Maria Anne Fitzherbert
When he was Prince of Wales, George IV was infatuated with Mrs Fitzherbert. She was a Roman Catholic, and had been twice married and widowed when, in December 1785, they secretly married. But legally the marriage was invalid. The Act of Settlement decreed that if an heir apparent married a Roman Catholic, he forfeited all right to the crown; and the Marriage Act stated that any member of the royal family who wished to marry under the age of twenty five, could only do so with the King’s consent—and George III would never have given that. Nevertheless, the Prince and his morganatic wife lived together for nearly twenty years, and when they finally separated, Mrs Fitzherbert was given a generous pension of £6,000 a year—probably in excess of £50,000 by today’s standards. George was undoubtedly devoted to her although never, of course, faithful; when he died in 1830, he was wearing a miniature portrait of her round his neck.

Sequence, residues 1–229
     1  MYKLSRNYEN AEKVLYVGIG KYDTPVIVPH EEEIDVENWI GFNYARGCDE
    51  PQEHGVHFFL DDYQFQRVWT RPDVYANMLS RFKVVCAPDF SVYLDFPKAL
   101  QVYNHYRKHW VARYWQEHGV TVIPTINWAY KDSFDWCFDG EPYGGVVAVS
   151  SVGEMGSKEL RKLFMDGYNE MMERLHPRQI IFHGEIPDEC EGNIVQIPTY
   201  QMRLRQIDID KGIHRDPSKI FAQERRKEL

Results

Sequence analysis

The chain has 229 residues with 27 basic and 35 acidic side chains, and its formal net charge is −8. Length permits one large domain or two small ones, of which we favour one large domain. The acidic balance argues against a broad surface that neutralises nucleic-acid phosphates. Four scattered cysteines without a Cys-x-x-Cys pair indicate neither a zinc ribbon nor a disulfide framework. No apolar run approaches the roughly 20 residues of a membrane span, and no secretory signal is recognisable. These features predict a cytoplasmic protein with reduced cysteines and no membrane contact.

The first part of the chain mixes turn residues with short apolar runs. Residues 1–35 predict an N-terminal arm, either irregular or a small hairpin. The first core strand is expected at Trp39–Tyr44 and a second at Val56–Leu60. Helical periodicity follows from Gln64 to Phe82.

Mrs Fitzherbert came to Bath in 1788-89, to stay with her mother, Mrs Smythe, at 27 Great Pulteney Street.